It has been long known that iron, when melted, dissolves carbon, and on cooling, liberates it in the form of graphite. Moissan discovered that several other metals, es­pecially silver, have similar properties. The quantity of car­bon entering into solution increases with the temperature.

For the manufacturing of artificial diamonds the first necessity is to select pure iron free from sulphur, silicon, phosphorus, etc., and to pack it in a carbon crucible with the pure charcoal of some organic substance such as sugar and starch. Moissan used such a mixture in a furnace with 700 amperes and 40 volts. Beside graphite and diamonds there may be formed black opaque carbon particles of a density from 3.0 to 3.5 and the hardness of diamonds. These are black diamonds or carbonado. In fact compara­tively few diamonds are transparent and colorless and show crystalline structure. Besides these may be carbide of sili­con and corundum, arising from impurities in the material employed. Graphite dissolves in hydrofluoric acid. Gra­phitic oxide may be left.

Crookes says Sir James Dewar placed a few small dia­monds in a carbon tube, and, maintaining a current of hydrogen to prevent oxidation, raised the temperature of the tube in an electric furnace to that of the arc. In a few minutes the diamond was transformed into graphite.

To remove graphite after it is well washed allow it to soak in strong hydrofluoric acid in the cold for two days, then in boiling acid. After this treatment, hot sulfuric acid is again applied to remove the fluorides. The residue is well washed and again treated with nitric acid and potassium chlorate—kept warm but not above 60 ° C. to prevent ex­plosion. By repeating this process six or eight times all of the graphite will disappear.

An article that appeared in Nature (London), May 19, 1928, treats the problem of the making of artificial dia­monds. The author, who is known as C. H. D., refers to the experiments and results of various experimenters, among whom are Crookes, Parsons, and others. His general conclusion, drawn from the experiments of these men, is that no artificial diamonds have been produced in the labo­ratory as yet.

In the Philosophical Magazine, March, 1929, in an ar­ticle written by Sesta, the thesis that no synthetic dia­monds were ever made in the laboratory is discussed. Dr. Sesta argues that the work of Professor La Rosa has un­doubtedly escaped the attention of the above mentioned author. Dr. Sesta claims that these objections raised against the method of Moissan and his followers are groundless so far as the case has been examined. He further states that the results of the experiments and the accuracy of method are sure proofs which lead him to withdraw from the ulti­mate conclusion arrived at by C. H. D.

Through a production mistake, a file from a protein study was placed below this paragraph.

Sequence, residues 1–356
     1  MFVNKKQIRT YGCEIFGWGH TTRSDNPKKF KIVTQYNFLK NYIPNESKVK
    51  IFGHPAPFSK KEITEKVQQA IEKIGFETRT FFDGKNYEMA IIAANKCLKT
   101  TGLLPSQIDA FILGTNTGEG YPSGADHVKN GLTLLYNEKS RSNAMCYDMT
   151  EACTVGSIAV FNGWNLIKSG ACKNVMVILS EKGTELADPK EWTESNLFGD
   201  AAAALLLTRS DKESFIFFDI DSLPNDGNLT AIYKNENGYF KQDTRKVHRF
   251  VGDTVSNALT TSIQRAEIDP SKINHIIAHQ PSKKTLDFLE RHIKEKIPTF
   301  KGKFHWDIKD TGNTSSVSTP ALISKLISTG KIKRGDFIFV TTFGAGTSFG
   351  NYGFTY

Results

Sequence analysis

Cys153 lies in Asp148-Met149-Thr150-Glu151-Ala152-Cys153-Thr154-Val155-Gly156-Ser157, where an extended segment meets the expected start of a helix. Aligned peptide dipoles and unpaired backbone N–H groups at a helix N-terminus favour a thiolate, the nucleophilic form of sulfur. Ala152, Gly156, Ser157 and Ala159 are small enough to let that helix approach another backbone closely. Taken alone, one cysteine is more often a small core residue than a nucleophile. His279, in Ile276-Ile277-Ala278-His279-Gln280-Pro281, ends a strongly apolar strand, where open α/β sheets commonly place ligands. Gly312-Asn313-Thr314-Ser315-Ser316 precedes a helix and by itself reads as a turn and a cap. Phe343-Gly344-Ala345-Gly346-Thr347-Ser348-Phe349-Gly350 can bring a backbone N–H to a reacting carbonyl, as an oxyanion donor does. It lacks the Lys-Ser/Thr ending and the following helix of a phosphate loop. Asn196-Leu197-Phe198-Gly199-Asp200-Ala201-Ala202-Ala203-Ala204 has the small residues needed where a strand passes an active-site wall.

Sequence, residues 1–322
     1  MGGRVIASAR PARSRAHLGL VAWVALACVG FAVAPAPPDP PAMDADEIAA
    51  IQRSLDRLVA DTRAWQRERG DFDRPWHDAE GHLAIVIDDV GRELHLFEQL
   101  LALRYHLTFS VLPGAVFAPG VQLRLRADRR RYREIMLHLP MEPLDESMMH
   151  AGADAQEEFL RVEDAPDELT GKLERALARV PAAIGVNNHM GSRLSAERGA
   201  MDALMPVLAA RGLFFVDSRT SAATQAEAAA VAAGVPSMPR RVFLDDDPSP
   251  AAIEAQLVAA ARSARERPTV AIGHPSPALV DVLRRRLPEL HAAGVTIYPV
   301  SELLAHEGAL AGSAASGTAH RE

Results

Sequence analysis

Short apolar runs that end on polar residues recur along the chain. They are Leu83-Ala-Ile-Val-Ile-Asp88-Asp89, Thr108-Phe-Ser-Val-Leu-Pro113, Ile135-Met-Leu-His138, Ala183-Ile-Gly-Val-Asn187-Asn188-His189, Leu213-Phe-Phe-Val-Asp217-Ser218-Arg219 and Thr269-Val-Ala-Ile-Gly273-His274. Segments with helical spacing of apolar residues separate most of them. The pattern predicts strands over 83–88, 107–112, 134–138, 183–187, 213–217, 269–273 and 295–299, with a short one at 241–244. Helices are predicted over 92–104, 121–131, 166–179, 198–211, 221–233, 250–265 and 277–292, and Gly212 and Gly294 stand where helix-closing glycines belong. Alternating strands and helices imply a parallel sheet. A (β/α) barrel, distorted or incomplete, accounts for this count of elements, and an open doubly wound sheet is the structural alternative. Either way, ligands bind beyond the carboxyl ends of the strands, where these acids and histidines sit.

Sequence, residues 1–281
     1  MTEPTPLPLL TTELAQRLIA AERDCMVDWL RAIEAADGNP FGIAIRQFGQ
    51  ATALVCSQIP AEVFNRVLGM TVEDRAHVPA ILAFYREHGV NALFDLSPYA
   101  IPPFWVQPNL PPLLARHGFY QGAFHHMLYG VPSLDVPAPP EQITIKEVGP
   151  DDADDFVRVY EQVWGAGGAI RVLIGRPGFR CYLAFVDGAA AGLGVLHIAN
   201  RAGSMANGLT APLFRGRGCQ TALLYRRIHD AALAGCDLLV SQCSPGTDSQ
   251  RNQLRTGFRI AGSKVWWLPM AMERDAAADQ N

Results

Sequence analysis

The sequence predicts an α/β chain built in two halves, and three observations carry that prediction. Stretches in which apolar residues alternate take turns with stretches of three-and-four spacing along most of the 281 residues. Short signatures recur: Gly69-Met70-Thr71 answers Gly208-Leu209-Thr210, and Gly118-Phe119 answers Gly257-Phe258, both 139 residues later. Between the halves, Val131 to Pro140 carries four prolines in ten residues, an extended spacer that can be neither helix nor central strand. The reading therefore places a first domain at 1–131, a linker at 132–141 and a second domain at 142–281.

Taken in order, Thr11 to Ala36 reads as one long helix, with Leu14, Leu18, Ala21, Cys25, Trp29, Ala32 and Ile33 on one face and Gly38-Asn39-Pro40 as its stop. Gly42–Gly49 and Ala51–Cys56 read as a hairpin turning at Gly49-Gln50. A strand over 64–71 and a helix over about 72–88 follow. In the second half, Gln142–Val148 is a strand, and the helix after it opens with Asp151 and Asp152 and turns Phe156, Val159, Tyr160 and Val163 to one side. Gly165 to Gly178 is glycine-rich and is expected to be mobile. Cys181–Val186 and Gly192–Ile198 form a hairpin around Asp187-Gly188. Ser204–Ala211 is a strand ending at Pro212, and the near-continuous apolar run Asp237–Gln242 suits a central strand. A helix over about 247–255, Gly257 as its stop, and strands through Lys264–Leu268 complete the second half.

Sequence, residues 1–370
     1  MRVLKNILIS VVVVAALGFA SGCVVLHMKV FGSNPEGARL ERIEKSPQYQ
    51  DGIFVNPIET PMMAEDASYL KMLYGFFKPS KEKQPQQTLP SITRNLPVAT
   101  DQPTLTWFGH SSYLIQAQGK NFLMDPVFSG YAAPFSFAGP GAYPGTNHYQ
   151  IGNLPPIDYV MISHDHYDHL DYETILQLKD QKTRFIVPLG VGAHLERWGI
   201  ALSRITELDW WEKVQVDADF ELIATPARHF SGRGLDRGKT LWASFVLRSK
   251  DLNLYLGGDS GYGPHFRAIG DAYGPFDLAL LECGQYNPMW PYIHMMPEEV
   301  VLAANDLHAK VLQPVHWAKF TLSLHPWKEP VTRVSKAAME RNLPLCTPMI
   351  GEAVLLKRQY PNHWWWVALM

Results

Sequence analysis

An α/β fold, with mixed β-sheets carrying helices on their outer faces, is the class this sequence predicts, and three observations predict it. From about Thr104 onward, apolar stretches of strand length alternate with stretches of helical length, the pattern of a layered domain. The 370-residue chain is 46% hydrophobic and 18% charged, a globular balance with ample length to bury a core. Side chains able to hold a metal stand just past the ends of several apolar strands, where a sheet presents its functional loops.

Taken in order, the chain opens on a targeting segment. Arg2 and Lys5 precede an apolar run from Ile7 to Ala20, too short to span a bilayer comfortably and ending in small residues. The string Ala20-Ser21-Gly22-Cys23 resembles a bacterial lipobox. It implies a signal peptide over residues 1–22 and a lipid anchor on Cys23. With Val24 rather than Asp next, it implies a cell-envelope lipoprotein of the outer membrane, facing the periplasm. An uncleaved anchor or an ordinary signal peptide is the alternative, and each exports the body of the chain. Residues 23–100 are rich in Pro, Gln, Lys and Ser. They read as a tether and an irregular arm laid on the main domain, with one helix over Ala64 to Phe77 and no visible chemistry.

In 1923 an article appeared in a McPherson, Kansas, newspaper to the effect that diamonds had never been man­ufactured and, in the opinion of its writer, a noted scien­tist, never would be. We read the article with interest be­cause, secretly, for years, it had been our belief that some day science would succeed in what then seemed to the best trained minds in the field an impossible task. It was deter-mined to conduct experiments along the lines already thought out. In our opinion views of Moissan that dia­monds are made by the compression of carbon are correct, but his method of making them may be improved upon.

A plan of the procedure was outlined and the assignment given to senior students working in the chemistry depart­ment. The first step in the plan was to secure an electric arc furnace capable of producing a temperature of 3,000 to 4,000 degrees Centigrade—about twice the temperature ob­tained by Moissan.

It was soon learned that no such furnace could be ob­tained from laboratory equipment companies in either the United States or Europe. The use of an oxygen-hydrogen blowtorch was next suggested, and the necessary equipment was transferred to a local welding shop for an experiment. However, it was found that the oxygen from the torch burned away all the carbon from the mixture of carbon and iron before the desired temperature could be obtained.

Next firebrick was secured from a steel foundry and at­tempts were made to build our own electric arc furnace. A neat furnace was constructed, but its first trial proved that its current consumption was too great for the ordinary power lines leading to the college. The equipment was transferred to the municipal lighting plant, where sufficient current could be obtained. Here the furnace was reduced to a glazed mass of molten rock by its own heat. The out­look was very discouraging.

The next five years were spent in gathering equipment and information. At last, a man was found in Chicago who was confident that he could build a furnace of the required type. Special steels were generously contributed by steel companies and after a great deal of work and research, the furnace was completed—a simple affair no larger than a two-gallon pail, but capable of producing temperatures ex­ceeding 4,000 degrees, Centigrade.

Crucibles and electrodes of chemically pure synthetic graphite were made by the Acheson Graphite Company at Niagara Falls for use in the furnace. It was necessary to in­stall a special transformer and a heavy power line, since the power consumption of the electric furnace was extremely high.